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Ohio Students Tell Obama: 'Stop Dirty Energy Disasters!'

As president pushes 'All of the Above' strategy, organizers say fracking and tar sands part of problem, not solution

Common Dreams staff

Student gathered at Ohio State University in Columbus on Thursday to protest Obama's 'All of the Above' energy strategy. (Photo: Ohio 350)

Students rallied at Ohio State University this afternoon to greet President Obama with a retort to his "All of the Above" energy policy.  "What does Obama mean by 'All of the Above'?" the students asked. If "everything is on the table," they argue, that includes "toxic, climate cooking technologies" like hydrofracking and trumpeting of Canadian tar sands.  The stop in Ohio follows a morning speech by the president in Cushing, Oklahoma where Obama announced his endorsement of the southern leg of the Keystone XL pipeline.

"We need to show President Obama that Ohioans won't stand for an energy policy that poisons our water and dooms us to further climate disaster," declared a message on the student group's facebook page. "We'll greet the President when he arrives Thursday with a boisterous rally demanding he put a stop to fracking and projects like Keystone XL."

"Young voters in Ohio turned out in record number to elect President Obama because he stood for climate and clean energy solutions " said Katie McChesney of the Ohio Student Environmental Coalition, "Our generation demands President Obama must stop promoting Keystone XL and fracking."

"I don't know the last time President Obama took a multiple choice exam, but when you have two contradictory options like protecting our climate and increasing our dependence on fossil fuels, 'all of the above' is not a correct answer," said Stuart McIntyre, a student at Ohio State University. "President Obama needs to choose one or the other, because our future as young people depends on it."

“‘All of the above’ is not a particularly coherent energy policy, not if one worries about climate change,” said Bill McKibben, founder of “Burning all the oil you can and then putting up a solar panel is like drinking six martinis at lunch and then downing a VitaminWater. You’re still a drunk—just one with your daily requirement of C and D.”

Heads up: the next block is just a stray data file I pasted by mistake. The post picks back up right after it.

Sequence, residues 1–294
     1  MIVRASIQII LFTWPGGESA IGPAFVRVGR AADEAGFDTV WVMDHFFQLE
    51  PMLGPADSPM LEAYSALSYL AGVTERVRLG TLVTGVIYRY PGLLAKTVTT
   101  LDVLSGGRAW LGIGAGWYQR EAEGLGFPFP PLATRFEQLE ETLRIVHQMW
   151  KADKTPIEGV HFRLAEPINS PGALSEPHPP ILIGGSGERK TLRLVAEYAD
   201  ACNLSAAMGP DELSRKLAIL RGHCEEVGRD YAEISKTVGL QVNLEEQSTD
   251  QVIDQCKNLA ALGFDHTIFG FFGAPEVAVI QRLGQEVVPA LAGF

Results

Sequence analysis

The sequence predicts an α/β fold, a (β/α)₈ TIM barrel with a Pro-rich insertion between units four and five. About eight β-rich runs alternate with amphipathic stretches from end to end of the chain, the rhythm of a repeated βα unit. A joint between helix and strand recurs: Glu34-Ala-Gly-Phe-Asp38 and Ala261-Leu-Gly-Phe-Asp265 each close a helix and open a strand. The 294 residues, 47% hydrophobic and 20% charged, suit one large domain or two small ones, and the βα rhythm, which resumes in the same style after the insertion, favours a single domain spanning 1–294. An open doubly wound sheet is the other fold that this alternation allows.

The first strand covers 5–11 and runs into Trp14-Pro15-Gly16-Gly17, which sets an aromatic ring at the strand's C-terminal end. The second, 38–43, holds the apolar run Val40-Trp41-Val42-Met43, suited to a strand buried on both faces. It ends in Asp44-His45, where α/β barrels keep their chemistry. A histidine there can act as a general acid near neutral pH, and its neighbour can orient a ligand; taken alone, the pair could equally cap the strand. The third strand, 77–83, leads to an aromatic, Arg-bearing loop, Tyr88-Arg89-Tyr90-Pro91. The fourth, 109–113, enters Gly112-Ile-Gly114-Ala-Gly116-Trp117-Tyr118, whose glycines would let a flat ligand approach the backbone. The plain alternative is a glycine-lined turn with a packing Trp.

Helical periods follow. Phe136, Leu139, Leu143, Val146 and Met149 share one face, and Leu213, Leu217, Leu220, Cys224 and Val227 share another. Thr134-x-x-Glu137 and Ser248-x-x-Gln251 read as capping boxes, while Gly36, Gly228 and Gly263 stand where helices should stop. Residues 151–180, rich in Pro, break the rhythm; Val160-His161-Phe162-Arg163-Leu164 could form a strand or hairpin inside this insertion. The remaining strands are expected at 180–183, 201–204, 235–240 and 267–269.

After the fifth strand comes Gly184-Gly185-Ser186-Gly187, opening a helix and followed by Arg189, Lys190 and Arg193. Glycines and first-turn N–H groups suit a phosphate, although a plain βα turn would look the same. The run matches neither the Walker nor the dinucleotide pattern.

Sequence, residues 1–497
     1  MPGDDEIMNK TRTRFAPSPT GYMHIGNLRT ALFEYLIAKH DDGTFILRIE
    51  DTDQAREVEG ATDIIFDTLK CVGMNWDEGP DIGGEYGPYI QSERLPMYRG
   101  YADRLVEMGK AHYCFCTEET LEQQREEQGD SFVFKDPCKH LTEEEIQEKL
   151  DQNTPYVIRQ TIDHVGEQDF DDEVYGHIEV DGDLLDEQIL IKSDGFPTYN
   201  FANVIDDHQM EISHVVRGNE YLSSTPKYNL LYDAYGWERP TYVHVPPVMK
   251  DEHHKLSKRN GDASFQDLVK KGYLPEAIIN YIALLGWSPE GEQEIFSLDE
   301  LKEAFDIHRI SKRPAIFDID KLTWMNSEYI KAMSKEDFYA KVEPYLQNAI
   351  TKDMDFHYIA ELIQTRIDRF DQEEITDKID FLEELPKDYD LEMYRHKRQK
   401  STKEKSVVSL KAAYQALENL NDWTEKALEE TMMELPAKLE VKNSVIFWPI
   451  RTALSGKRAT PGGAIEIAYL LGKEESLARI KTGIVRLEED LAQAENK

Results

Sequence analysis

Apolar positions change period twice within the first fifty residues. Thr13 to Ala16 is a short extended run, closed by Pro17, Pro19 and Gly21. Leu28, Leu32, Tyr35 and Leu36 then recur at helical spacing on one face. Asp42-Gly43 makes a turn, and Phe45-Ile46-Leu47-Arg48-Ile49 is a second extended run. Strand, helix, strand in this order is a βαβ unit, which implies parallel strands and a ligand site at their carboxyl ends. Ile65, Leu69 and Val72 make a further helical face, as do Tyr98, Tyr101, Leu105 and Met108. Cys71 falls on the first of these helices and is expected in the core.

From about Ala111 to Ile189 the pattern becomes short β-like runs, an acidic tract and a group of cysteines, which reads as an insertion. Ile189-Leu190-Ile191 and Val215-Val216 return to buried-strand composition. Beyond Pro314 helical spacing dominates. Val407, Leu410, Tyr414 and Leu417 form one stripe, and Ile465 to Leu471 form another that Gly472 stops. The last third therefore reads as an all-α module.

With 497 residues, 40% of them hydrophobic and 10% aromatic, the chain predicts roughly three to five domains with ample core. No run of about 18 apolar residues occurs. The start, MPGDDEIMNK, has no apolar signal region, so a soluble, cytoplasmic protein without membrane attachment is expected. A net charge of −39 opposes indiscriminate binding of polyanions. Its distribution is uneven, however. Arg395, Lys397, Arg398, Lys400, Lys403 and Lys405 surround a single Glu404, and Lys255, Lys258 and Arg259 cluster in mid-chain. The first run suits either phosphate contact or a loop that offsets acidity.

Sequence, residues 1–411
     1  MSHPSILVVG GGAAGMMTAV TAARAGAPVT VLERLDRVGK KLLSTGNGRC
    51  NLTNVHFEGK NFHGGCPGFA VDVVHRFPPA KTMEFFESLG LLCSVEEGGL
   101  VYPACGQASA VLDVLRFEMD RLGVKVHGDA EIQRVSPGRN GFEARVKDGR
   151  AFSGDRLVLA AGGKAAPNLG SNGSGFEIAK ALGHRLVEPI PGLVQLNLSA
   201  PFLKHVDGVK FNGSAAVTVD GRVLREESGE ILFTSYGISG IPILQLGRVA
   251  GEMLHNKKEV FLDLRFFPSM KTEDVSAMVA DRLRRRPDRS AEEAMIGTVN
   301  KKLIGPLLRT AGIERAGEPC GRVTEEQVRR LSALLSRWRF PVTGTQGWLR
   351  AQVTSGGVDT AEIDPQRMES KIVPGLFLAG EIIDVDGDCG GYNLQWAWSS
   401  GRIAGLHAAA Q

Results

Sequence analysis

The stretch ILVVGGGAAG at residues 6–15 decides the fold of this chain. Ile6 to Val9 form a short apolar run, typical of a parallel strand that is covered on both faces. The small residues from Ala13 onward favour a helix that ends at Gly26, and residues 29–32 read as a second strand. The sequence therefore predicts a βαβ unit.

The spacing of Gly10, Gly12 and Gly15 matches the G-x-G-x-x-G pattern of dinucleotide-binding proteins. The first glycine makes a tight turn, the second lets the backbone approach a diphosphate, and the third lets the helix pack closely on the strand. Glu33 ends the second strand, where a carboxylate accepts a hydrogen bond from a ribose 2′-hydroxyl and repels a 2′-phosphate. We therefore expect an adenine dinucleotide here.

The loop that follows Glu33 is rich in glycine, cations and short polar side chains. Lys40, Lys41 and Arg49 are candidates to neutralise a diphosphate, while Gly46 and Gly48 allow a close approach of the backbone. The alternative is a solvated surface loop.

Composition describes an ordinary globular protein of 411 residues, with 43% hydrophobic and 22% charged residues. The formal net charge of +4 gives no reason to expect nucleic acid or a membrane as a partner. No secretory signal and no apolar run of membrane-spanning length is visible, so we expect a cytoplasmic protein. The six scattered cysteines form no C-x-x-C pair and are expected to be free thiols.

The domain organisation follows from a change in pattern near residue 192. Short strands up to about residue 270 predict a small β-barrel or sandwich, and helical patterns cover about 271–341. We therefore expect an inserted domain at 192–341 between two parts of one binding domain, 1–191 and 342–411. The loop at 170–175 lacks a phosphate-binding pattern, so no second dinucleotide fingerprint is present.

“We wanted to send President Obama a clear message today: you can either stand with us or with the Big Polluters," said Tony Zancanella, graduate student at the University of Cincinnati, who attended the rally in Columbus. "We want a leader who is brave enough to make hard choices, not just go where the political winds blow. “All-of-the-above” isn’t an energy plan, it’s a cop-out.”

“If the President wants the support of the young people I know, he’s going to have to start talking about global warming. The climate crisis is the biggest threat to our future and yet President Obama doesn’t even mention it. I mean, we’ve set 2,000 new temperature records in the United States this month. The writing is on the wall...” warned Andrew Sidesinger, a Columbus resident, volunteer with 350 Ohio and father of two.

And Alec Johnson, a volunteer with 350 Ohio, was disappointed in Obama's call for more drilling and expanded fracking. "In every place he fracks and drills there’s going to be resistance," he said. "People are sick and tired of these fossil fuel companies coming into our backyards and destroying our communities and environment. We’re going to fight these projects every step of the way, and use these fights to build a movement that can push for change in Ohio, and at the national level as well.”


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